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from. while dr. phil lips i dr. phill, they still deliver forma foremaa hide and other compounds. the nicotine itself could have adverse health evacuates much i. >> it can increase your heart rate. your blood pressure can go up. it can cause nausea and diarrhea and it's addictive. but we've got caffeine out there, alcohol, caffeine perfectly available to children. why--why would e-cigarettes be worse? >> because nicotine is a way more addictive drug than caffeine.
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in 1988 the attorney general said that nicotine was an addictive drug. it mimics in your brain nerve cells communicate with. when you put nicotine in your brain. changes the cells in your brain and the chemistry of your brain in ways that never totally reverse. the other thing which you said earlier which i don't think is true is that e-cigarettes help people from smoking. there are two population level studies of people using e-cigarettes to quit smoking. one shows that they don't work. and the other shows that people trying to quit e-cigarettes actually do worse than those who aren't using them. while e-cigarettes are dangerous than cigarettes and less polluting, they're exposing people to toxic chemicals and they're still polluting the air around people who are using th them. >> carl, your response to the
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pollution and on whether the e-cigarettes can help people get off cigarettes? >> yeah, there is no question that e-cigarettes help people get off cigarettes. there are hundreds of thousands of americans over a million people worldwide who have quit smoking using e-cigarettes. the large majority of these when asked about their experience to quit spoking report every other method to quit smoking, they were able to quit. in terms of the risks, you mentioned caffeine. that's the perfect analogy. nicotine-absent smoke is very similar to caffeine. it's not all that more difficult to quit nicotine than caffeine. but people who switch to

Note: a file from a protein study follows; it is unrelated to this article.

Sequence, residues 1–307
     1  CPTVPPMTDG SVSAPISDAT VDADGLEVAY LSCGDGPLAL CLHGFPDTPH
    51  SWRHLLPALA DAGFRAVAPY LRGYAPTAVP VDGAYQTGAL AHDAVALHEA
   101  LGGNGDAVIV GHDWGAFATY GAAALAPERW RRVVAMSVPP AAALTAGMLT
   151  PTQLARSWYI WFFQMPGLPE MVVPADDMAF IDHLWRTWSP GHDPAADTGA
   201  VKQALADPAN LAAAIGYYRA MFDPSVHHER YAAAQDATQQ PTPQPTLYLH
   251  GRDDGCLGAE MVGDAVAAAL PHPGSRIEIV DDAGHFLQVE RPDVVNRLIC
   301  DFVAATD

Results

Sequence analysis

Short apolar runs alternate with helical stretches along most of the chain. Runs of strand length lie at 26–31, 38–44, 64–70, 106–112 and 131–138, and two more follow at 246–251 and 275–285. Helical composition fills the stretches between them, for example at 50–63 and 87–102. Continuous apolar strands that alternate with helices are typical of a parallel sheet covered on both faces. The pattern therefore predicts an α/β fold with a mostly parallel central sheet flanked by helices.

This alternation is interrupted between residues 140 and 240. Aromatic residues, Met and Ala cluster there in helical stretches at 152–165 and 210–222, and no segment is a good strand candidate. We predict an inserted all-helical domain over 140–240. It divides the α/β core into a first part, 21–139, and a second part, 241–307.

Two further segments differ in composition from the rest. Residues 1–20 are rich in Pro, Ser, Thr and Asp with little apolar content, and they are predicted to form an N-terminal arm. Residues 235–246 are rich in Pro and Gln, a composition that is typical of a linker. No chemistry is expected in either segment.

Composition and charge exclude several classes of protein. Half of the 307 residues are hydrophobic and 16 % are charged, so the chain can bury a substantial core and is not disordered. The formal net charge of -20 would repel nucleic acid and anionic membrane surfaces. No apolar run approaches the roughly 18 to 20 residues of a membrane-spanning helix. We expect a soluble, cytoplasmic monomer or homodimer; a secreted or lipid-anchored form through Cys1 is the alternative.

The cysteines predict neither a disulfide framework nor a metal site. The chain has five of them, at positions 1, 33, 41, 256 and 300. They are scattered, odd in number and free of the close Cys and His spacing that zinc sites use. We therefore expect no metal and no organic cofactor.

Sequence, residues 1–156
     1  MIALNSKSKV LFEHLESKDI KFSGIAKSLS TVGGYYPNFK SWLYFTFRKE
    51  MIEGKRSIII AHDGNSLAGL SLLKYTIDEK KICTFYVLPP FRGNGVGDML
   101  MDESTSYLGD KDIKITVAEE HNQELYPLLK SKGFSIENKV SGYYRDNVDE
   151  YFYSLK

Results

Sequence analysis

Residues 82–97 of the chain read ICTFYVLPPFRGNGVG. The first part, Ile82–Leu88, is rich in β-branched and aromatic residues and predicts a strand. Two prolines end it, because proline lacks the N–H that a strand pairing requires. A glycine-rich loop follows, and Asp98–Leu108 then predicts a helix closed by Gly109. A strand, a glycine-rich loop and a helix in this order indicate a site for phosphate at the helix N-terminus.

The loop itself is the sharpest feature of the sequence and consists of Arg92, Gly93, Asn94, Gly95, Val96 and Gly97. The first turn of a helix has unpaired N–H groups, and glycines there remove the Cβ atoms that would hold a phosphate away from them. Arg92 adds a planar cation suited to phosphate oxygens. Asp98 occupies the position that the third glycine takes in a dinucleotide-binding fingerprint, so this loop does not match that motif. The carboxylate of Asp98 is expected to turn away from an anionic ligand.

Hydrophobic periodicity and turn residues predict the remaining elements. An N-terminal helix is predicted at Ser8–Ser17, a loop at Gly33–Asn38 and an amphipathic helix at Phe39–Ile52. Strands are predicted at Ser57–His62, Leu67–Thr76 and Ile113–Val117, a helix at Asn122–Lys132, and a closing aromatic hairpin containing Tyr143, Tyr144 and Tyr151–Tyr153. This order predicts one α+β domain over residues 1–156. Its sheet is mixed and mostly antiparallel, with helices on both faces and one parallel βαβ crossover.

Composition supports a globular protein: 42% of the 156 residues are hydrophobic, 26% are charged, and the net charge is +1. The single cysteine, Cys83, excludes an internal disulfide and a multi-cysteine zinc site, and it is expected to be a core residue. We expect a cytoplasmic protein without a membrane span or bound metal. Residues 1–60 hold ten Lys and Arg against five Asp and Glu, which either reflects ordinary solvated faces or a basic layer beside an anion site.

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e-cigarettes typically find they can take them or leave them after they've quit smoking for a while and they're using e-cigarettes. it's a different experience. they keep using e-cigarettes because they know it's low risk. it makes them happier and it improves their lives to use this em. all in all it seems like an upside on every side. in terms of the chemistry and exposures, we recently sponsored a systemic review by a professor in philadelphia. nine thousand observations from studies and concluded there was no reason to believe that the chemicals posed any risk. the nicotine speeds up your heart that creates minor risk. that's why it's 99% less harmful than smoking rather than 100
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hers less harmful of smoking. it's basically in terms of abstinence in terms of total risk. let's get reaction. >> thanks, antonio. on twitter says, it's good to see e-cigs stories. now how do you quit addiction to nicotine. it's still an addiction. what do you say to that? >> i mean, i don't understand where dr. phil lips is getting his data. there are peer-reviewed studies of how cigarettes help people quit smoking in the population level and neither one of them actually shows that they help people quit. it may be some people use them and they do better, but what these big studies show is that for everybody that an e-cigarette might help quit there is one person or maybe one
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more person who keeps from quitting. the real problem with e-cigarettes which we haven't talked about at all is what called dual use. most people who are using e-cigarettes are still smoking conventional cigarettes at the tamat the same time. >> there is the concern of the appeal to children because of flavors being added in the e-cigarettes. we've run out of time to address that further. i appreciate the discussion, this is a changing industry, and we'll see how it develops. i appreciate you both being with us tonight. the show may be over but the conversation continues on our website. www.aljazeera.com/consider this or on our facebook or google plus pages and you can also find us on twitter. we'll see you next time.
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>> good evening, everyone, welcome to aljazeera. i'm john in new york, and here are the top stories. >> legitimate access to the navy yard. >> the u.s. government takes a closer look at how to check federal workers and naval bases after the navy yard shooting. they were just doing their jobs on monday when shots were fired. we're learning more about the victims. and the dc shooting is sparking a new debate over gun control in america.